Overnight in the US, HP unveiled its answer to Apple’s iPad; a new tablet based on the webOS operating system it acquired with Palm. But it remains unclear whether the device will launch in Australia — with its webOS predecessors never having made it down under, and no details on local availability having been confirmed as yet.
In its press conference, HP made no specific mention of international availability of the device, noting that it would be available “this summer” in the US — which means Australia’s winter, or in the middle of this year. A HP spokesperson contacted this morning has not yet responded to a request for comment on the issue.
The device itself appears physically similar to the iPad, with a 9.7″ display, a screen resolution of 1024×768, a dual-core Qualcomm Snapdragon CPI, and inbuilt camera and Wi-Fi access — with what HP is billing as 3G and “4G” versions down the track. And it runs webOS — the Linux-based operating system which HP acquired with its Palm buy in early 2010.
Despite a degree of popularity in the US, Palm never launched its next-generation smartphone, the Pre, in Australia. Likewise, HP has not confirmed whether two next-generation models also unveiled overnight — the Pre 3 and Veer handsets — will come to Australia.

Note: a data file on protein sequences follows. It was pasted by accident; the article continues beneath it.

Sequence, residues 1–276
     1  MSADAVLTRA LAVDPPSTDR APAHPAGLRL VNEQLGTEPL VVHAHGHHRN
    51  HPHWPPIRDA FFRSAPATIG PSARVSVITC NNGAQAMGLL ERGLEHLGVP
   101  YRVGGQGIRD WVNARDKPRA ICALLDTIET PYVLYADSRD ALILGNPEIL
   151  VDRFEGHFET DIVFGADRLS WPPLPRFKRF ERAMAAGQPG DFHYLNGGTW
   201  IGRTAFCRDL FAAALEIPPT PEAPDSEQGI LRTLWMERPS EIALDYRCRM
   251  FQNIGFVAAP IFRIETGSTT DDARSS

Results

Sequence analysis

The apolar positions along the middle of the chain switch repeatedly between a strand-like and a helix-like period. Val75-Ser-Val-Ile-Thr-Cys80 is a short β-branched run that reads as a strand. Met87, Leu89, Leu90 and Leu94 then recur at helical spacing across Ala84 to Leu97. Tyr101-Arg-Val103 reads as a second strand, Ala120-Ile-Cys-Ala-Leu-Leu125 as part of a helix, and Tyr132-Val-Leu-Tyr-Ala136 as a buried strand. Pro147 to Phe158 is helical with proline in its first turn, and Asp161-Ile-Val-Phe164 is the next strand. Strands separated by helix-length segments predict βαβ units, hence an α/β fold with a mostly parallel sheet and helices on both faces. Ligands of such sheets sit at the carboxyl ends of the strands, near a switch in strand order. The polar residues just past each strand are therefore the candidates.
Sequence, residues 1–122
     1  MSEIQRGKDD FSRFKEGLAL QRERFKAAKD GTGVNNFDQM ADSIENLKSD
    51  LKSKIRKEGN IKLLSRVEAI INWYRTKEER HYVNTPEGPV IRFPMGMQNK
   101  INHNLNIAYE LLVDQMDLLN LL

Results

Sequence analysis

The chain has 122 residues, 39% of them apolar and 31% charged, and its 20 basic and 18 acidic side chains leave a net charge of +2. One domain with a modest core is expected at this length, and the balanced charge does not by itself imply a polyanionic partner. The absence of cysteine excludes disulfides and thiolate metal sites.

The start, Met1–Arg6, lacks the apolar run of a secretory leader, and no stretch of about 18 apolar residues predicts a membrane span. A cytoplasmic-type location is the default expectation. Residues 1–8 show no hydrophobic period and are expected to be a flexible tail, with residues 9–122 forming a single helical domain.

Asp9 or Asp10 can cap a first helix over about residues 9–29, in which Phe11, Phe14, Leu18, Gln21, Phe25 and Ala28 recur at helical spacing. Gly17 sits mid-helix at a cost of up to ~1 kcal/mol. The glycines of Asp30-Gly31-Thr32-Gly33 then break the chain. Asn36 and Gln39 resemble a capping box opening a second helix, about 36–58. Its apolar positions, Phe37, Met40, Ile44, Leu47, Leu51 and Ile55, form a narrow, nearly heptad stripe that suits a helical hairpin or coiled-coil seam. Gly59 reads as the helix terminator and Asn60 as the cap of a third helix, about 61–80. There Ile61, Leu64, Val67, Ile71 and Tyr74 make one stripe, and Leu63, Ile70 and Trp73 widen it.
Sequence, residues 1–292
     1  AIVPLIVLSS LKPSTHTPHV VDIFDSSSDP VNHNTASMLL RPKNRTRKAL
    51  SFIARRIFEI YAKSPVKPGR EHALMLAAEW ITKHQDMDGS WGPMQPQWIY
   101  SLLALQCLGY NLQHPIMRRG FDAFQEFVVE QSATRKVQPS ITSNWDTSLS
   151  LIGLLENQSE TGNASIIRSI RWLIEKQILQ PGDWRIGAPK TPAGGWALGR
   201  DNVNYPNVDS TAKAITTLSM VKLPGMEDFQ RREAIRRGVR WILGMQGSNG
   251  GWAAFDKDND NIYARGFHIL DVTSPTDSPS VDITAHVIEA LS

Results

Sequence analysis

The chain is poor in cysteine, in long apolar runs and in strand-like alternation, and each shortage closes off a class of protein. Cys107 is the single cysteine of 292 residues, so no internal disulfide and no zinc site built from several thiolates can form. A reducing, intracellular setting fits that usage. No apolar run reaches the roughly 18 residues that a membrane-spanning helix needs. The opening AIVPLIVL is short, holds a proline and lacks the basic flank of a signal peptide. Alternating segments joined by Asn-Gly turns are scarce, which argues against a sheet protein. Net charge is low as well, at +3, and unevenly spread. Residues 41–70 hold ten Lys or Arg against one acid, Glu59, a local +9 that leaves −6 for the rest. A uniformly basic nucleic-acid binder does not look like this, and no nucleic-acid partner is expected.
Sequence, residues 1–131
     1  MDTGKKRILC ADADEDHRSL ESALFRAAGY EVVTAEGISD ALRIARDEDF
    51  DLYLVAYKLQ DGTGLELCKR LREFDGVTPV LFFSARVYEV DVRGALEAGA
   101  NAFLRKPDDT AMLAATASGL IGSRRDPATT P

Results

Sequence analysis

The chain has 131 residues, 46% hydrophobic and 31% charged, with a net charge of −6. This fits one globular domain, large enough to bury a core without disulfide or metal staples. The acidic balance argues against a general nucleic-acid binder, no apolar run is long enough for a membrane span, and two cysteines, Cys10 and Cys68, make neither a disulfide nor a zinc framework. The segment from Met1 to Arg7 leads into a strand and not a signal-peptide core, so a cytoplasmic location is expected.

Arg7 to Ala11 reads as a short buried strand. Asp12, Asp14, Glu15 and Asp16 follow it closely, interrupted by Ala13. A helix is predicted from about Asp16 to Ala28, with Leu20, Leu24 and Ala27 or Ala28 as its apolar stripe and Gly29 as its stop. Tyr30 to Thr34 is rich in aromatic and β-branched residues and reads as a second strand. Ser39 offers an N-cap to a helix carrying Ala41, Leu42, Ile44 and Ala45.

Although the Pre never launched Down Under, however, there is a small community of users already in existence in Australia who have imported devices from overseas, attracted by the Palm operating system’s Linux groundings and hackable nature.
One such enthusiast — Australian open source developer Jeff Waugh — said he could understand the fact that no concrete international plans for the TouchPad were announced during HP’s press conference today, but pointed out that HP had mentioned word “global” during the event. However, he said, he would definitely import the TouchPad if it wasn’t made available in Australia “soon”. “They’re really coming through on the promise of a combined HP and Palm,” he said.
Waugh has been involved in a slew of open source projects — ranging from the Ubuntu Linux distribution to the GNOME user interface and more. The developer said you could easily put an off-the-shelf webOS device into developer mode, with full root access, with a special entry code leaked online.
This had driven what Waugh described as a “GREAT homebrew community” led by an Australian developer. “It’s not 100 percent open source, but it’s built on open source components, they’ve engaged with the community well, very open approach,” he said.
Waugh’s main worry with the TouchPad was that it could be heavier than the iPad, which comes in at 730g for the 3G model. However, the TouchPad will weigh virtually the same thing. Some are speculating that the next iteration of the iPad could be lighter. But Waugh was philosophical about the idea. “No mobile OS is as good as webOS tho!” he said.
Image credit: HP